Dubai tunnel that can store water for 100 years nears completion

Water is transferred through the tunnel by gravitation, eliminating the need for sub-pumping stations.

  
Image used for illustrative purpose. Workers are seen in the Strategic Tunnel Enhancement Programme (STEP) pumping station tunnel, developed by the Abu Dhabi Sewerage Services Company (ADSSC), in Al Wathba area in Abu Dhabi February 4, 2013. STEP will be one of the longest gravity-driven wastewater tunnels in the world, according to local media. REUTERS/Ben Job

Image used for illustrative purpose. Workers are seen in the Strategic Tunnel Enhancement Programme (STEP) pumping station tunnel, developed by the Abu Dhabi Sewerage Services Company (ADSSC), in Al Wathba area in Abu Dhabi February 4, 2013. STEP will be one of the longest gravity-driven wastewater tunnels in the world, according to local media. REUTERS/Ben Job

REUTERS/Ben Job
A deep tunnel that can store water for the next 100 years is nearing completion in Dubai, the emirate’s municipality said on Monday.

One of the most important infrastructure plans in Dubai, the project is designed to collect stormwater and surface water from an area of 500 square kilometres and then transport it through a 10.3km-long tunnel with a depth of 40-60 metres.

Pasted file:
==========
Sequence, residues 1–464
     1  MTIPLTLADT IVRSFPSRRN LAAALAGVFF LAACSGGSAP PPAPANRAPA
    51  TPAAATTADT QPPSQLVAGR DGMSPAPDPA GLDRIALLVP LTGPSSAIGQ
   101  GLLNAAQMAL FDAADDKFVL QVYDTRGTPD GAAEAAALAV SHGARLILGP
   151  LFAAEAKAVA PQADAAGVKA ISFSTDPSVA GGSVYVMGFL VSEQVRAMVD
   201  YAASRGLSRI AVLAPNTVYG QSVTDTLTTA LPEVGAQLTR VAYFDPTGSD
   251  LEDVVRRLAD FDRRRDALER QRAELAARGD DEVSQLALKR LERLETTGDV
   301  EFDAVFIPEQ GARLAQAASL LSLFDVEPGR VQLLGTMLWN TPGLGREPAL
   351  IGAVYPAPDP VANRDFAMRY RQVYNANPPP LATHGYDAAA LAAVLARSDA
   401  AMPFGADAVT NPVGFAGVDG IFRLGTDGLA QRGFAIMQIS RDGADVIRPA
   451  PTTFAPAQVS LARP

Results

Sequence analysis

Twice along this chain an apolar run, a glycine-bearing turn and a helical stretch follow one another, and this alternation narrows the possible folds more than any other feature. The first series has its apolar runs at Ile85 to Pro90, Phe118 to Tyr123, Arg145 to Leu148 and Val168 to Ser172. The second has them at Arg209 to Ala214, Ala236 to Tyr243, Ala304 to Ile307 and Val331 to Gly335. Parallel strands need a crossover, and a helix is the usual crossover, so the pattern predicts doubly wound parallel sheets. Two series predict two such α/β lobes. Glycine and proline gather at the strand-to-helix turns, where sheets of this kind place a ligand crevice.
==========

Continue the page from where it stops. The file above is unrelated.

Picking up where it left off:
“This project is considered the first of its kind in the region to drain stormwater and surface groundwater, by collecting water and storing it for the next 100 years,” the Dubai Municipality said.

Dawoud Al Hajri, director-general of the Dubai Municipality, visited the project and reviewed the final pre-operational stages.

“The deep tunnel project is a qualitative leap in infrastructure projects not only at the emirate level, but also at the regional level, which is one of the most prominent projects that will promote comprehensive development in Dubai,” Al Hajri said.

The deep tunnel ends at the main pumping station near Jebel Ali Port, where water is drained through a double system, which can drain stormwater and surface water through pumps connected to lines extending 600 metres into the sea.

In this system, the water flows through the tunnel with gravity, eliminating the need for sub-pumping stations; thus cutting operating costs by 20 per cent.

The stormwater shall be discharged to the sea taking into account climate change and sea level rise. Through the station’s central control room, the system can automatically adapt to the data to continue reducing the impact of rainstorms and floods in the service area.

 

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